Date: Mon, 24 May 1999 16:13:46 -0700 From: Dave Kruger Subject: Re: [Paddlewise] Wet DryBags Never put any of my drybags to the surf test, but it is tough for me to imagine much leakage IF the closure has at least three full wraps. Only if it is "pressure cycled" in the water deeply enough to "burp" and "inverse-burp" can I imagine more than a teaspoon getting inside. Check the bag for leaks. Gotta have a second hole to get much inside. - -- Dave Kruger Astoria, OR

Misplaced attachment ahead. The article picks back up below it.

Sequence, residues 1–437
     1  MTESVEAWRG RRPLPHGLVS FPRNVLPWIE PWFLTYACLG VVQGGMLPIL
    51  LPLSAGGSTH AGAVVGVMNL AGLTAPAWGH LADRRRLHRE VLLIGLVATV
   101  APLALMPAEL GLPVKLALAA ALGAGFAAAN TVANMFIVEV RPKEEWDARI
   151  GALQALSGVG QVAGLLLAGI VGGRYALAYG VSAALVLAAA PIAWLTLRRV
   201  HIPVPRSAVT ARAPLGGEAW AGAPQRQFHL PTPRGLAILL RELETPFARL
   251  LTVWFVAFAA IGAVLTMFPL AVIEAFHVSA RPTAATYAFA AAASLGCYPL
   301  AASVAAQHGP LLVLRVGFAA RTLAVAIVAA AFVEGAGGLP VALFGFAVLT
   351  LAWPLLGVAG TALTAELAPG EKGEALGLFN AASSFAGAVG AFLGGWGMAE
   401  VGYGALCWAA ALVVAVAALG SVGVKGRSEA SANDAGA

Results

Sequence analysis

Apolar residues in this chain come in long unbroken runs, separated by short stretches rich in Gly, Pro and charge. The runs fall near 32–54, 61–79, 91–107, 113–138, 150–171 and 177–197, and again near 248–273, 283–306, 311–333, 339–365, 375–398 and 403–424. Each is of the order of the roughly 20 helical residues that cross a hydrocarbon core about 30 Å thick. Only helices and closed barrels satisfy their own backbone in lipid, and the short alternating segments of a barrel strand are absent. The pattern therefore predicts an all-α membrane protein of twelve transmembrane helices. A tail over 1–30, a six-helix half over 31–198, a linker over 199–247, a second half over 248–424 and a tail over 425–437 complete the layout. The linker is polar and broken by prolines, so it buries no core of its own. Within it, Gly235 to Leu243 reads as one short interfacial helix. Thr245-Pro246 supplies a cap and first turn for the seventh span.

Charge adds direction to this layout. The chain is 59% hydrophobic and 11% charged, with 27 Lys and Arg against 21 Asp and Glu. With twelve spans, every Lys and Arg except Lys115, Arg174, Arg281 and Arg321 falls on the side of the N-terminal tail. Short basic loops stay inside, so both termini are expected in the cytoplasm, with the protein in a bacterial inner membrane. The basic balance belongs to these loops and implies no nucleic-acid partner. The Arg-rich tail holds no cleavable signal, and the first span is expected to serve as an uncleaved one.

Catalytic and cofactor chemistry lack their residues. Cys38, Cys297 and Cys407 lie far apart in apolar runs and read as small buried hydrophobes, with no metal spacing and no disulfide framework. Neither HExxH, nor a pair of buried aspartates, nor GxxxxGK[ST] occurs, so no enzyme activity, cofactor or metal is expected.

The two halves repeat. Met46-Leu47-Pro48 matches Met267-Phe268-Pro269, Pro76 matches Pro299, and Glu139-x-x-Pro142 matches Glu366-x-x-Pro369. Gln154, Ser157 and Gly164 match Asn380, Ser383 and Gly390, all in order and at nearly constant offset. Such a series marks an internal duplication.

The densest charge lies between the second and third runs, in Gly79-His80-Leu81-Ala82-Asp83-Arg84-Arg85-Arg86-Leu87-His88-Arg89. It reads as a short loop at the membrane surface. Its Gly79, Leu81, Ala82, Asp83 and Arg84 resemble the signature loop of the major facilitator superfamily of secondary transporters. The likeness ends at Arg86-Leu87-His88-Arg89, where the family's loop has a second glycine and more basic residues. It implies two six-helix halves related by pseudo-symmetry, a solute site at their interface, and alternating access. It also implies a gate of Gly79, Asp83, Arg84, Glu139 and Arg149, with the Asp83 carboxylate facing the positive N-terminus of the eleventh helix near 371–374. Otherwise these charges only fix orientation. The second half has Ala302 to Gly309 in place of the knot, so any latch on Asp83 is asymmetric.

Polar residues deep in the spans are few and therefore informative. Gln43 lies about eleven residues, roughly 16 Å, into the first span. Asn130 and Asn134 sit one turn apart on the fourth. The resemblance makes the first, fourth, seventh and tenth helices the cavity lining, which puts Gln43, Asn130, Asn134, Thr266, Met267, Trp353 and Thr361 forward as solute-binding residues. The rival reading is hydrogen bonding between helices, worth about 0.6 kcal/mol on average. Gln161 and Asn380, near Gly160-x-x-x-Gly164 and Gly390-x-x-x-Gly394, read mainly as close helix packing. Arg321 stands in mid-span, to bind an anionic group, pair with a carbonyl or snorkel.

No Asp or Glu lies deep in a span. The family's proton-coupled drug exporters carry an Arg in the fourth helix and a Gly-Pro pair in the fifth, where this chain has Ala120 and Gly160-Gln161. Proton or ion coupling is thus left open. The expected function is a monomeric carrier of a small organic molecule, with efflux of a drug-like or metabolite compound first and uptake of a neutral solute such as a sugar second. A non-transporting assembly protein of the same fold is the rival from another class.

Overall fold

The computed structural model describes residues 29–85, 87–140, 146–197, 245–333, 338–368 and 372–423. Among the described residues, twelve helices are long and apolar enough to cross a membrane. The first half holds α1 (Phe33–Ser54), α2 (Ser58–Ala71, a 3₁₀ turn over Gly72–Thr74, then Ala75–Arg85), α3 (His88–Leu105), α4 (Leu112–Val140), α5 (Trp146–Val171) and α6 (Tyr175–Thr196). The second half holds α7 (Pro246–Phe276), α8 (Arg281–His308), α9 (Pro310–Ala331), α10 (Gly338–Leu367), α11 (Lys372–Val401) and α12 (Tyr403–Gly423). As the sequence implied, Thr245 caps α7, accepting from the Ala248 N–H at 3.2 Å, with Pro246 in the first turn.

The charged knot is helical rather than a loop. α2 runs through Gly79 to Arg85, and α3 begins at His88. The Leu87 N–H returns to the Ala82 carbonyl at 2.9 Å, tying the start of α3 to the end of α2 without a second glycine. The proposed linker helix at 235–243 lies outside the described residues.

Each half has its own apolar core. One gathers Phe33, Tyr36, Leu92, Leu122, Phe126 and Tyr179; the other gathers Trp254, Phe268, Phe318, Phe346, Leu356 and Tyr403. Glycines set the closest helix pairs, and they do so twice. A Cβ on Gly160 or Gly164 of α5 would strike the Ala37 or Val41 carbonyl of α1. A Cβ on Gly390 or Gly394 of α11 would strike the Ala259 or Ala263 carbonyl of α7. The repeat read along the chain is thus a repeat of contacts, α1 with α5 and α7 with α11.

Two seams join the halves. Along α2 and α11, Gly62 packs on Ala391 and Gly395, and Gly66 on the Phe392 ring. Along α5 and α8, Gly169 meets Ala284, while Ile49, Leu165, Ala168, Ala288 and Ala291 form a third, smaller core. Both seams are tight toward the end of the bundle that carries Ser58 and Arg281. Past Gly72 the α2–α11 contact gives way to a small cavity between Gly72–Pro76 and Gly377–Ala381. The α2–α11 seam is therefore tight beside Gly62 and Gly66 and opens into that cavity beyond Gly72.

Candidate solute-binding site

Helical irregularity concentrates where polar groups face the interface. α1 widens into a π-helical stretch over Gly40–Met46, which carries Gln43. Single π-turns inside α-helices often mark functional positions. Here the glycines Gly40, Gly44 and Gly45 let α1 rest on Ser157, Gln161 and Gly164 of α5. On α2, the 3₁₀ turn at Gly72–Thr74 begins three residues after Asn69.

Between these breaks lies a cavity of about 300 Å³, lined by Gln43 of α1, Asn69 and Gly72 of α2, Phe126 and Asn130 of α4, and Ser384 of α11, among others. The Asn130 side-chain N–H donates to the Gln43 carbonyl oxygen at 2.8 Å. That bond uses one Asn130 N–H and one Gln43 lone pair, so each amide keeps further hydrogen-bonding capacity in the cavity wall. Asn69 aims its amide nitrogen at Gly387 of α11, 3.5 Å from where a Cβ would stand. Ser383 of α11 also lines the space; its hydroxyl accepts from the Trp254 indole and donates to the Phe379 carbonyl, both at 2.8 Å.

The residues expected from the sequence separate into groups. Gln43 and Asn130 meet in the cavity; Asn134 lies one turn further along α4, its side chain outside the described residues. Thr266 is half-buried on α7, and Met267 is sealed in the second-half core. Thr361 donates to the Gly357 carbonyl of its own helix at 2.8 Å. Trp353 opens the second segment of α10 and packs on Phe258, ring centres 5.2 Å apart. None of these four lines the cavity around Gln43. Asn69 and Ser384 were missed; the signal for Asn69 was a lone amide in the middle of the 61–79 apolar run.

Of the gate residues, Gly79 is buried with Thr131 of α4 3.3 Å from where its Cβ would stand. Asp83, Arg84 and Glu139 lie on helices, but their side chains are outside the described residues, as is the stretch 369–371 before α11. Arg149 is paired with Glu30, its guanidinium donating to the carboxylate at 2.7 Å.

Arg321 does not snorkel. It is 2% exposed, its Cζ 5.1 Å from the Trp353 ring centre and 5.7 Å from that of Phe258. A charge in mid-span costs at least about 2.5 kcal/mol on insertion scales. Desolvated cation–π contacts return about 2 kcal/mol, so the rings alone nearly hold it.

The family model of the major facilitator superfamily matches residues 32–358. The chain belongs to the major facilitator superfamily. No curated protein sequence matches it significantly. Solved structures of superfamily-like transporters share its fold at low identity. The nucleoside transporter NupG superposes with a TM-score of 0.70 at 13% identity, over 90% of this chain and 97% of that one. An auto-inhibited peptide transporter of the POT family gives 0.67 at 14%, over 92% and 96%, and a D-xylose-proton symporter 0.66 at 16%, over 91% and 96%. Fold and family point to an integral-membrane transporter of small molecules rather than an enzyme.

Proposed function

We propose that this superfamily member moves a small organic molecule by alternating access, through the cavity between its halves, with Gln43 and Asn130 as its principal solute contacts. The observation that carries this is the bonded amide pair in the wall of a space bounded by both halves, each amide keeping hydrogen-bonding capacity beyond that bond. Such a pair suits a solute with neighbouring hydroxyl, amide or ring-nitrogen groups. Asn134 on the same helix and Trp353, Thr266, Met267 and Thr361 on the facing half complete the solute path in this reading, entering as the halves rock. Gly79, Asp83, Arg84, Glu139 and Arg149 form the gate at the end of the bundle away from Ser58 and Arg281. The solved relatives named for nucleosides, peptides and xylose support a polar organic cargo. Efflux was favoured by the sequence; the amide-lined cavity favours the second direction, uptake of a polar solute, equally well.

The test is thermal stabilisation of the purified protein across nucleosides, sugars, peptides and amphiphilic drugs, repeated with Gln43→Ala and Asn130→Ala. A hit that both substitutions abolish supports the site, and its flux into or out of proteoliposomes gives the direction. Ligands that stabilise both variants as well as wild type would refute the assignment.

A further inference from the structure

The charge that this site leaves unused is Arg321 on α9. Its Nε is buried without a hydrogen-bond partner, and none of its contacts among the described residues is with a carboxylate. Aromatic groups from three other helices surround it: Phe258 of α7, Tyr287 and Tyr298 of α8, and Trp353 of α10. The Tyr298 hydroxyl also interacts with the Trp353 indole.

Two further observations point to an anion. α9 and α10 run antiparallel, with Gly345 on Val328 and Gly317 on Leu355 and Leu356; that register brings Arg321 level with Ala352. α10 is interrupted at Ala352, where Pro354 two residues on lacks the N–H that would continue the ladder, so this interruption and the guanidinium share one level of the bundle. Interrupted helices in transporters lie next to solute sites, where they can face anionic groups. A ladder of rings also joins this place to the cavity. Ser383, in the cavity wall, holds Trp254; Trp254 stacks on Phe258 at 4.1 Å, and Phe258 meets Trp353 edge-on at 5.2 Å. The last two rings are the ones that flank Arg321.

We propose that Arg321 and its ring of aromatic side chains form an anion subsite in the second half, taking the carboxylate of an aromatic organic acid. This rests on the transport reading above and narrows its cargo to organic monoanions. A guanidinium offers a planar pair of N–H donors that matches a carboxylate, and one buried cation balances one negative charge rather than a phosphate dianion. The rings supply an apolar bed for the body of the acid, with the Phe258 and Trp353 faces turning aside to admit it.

Date: Mon, 24 May 1999 19:57:34 -0600 From: "rdempsey" Subject: [Paddlewise] 'Dry Bags" We have used the same (5) SeaLine Boundary Packs dry bags for 5 years (about 160 days usage) in our open canoe...and although they have never been dumped into moving water, they have done well enough laying in several inches of canoe bilge-water, and in ferocious wind driven rain. Being somewhat neurotic about these things, our down sleeping bags go into 4mil plastic bags inside the dry bags, as do clothing,books,etc. I am fortunate that there have been no witnesses (other than my wife, who merely suspects that I may be "mad") to my "packing process" . I fill each drybag 2/3's full and roll the top seam down just twice.Then I "lean-over them" until nearly all the air is expelled ( from the bag!!) ...I am always amazed to find that the 2/3rds full bag is now only 1/2 full. Then, I quickly stuff the last few items in...and again apply the weight of my body to the bag, until the last whisper of air is driven out.THEN, I triple roll the seam. The dry bags when ready to load into the canoe have a "puckered" appearance to them.....from (I assume) a small vacuum within ...... The only "wetness" I have found inside the bags is when I pack a damp tarp, sneakers, or other "moist items" inside. (Which is think is merely internal "evaporation" as the dry bags warm in the sun. The amount of moisture is still within the "wipe off the inside of the bag range". Oh....and before we leave for each trip, I also stick the dry bag (empty) over my head, and stand in strong sunlight looking for pin hole leaks, and patch any I find with either duct tape of bicycle tire inner tube patches. My wife has accepted these antics, as "normal".... please do not let her know otherwise.....It too a VERY long time to meet her. rich dempsey Riverton, WY